Canadian liquefied natural gas (LNG) exports to Asia could provide the annual net emissions equivalent reduction of removing every single car from Canadian roads, shows a new study from global energy research and consultancy firm, Wood Mackenzie.
The study, commissioned by the Canadian Energy Centre, demonstrates how natural gas from Canada could help energy hungry Asian countries meet growing demand, while also contributing towards lowering net global emissions by supplanting coal.
The report assesses the impact of Canadian LNG in reducing emissions from the Asian energy mix by 1) determining the potential Asian demand for Western Canada LNG; and 2) modeling different scenarios for Canadian LNG supply and Asian natural gas demand to quantify the impact of Canadian LNG on Asian CO2 emissions.
To determine the potential Asian demand for Western Canada LNG, the report develops country specific gas market overviews, including supply, demand, gas infrastructure, and market access for Canadian LNG; additionally, the report compares the cost competitiveness of Canadian LNG with other energy sources and forecasts Asian LNG demand.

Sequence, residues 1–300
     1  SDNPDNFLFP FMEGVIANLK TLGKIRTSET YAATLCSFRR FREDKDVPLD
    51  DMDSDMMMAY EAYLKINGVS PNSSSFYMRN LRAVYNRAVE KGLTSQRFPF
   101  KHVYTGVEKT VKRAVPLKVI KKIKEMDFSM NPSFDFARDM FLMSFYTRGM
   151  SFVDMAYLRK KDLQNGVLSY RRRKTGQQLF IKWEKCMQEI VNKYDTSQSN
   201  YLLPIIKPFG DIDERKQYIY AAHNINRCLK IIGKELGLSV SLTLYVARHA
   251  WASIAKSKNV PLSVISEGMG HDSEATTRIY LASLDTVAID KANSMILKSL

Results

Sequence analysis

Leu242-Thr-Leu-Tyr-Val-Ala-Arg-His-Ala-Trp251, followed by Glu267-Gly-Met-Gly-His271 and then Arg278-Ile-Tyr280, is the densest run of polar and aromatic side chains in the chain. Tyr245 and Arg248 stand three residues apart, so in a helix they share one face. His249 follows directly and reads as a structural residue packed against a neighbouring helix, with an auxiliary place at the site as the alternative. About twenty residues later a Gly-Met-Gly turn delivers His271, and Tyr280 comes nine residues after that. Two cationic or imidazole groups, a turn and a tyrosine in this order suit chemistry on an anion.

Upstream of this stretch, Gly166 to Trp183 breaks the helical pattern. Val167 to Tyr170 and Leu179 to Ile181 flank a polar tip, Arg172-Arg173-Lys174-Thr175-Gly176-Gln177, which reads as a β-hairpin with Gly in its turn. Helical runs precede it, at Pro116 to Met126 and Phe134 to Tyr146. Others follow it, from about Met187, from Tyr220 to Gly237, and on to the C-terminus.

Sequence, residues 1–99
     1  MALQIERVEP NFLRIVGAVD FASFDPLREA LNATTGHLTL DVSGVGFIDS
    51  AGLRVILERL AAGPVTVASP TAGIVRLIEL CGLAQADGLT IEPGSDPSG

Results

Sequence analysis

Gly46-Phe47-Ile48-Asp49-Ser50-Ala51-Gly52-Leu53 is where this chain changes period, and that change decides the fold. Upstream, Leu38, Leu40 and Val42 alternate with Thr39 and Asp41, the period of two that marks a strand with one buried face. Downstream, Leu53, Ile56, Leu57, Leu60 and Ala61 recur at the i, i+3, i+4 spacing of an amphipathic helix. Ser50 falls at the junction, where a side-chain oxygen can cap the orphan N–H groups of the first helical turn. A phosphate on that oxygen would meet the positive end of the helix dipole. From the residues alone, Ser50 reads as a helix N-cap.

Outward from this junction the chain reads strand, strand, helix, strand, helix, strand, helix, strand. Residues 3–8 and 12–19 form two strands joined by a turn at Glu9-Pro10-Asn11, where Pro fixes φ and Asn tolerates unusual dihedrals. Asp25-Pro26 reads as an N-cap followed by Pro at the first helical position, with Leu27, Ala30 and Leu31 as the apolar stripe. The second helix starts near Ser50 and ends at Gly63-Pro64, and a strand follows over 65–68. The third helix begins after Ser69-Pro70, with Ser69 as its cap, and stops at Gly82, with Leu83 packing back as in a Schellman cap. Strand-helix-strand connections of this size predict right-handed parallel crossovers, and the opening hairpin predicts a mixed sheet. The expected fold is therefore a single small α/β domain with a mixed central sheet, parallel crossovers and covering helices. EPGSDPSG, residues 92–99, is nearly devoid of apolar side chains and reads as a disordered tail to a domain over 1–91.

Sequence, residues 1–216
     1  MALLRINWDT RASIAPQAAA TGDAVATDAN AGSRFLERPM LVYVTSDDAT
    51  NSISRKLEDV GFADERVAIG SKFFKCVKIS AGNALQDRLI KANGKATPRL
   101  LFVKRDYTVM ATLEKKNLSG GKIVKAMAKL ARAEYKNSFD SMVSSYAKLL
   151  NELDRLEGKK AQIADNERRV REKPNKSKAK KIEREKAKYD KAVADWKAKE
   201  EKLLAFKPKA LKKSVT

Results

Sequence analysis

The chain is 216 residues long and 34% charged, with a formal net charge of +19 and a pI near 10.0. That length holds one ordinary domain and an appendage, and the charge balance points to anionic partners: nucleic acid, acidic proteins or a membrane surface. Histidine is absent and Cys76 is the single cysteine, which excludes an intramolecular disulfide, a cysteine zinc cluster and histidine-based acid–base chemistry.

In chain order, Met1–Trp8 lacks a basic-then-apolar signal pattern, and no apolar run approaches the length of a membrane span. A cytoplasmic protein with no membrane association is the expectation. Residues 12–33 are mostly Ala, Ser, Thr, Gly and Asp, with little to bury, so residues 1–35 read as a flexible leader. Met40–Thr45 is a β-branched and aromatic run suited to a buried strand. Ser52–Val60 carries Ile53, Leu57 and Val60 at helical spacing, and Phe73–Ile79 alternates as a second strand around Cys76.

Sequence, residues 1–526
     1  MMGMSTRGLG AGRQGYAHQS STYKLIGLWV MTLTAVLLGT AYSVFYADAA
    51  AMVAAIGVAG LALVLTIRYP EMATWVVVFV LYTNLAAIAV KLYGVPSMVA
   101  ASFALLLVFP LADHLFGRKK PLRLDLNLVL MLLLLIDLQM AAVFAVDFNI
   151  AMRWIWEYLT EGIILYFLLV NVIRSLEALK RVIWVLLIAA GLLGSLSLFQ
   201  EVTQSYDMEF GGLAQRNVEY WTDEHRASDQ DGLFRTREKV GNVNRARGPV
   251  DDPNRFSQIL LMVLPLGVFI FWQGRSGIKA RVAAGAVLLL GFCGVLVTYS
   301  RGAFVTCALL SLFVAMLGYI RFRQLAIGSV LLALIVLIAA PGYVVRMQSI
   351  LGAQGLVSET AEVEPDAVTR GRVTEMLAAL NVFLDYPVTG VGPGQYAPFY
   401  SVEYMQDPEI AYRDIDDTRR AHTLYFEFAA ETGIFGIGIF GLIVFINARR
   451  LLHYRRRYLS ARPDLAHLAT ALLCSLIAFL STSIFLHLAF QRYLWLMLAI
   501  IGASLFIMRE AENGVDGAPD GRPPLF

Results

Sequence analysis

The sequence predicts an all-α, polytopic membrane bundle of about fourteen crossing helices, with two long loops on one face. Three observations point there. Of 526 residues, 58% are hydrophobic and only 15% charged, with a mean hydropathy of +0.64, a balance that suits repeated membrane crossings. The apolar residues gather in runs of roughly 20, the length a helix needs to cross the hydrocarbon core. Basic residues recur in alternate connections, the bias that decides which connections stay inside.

Key findings include:
- Global energy demand will continue growing in the coming decades
- Countries need to reduce GHG emissions substantially to attain climate goals set out in the Paris Agreement
- Natural gas has many advantages, particularly in the power sector
- Canada is well-positioned to capitalize on this unique opportunity
- Canadian LNG to northeast Asia will have a significant impact on reducing emissions
- Imported Canadian LNG has lower emissions than domestic coal in northeast Asia for power generation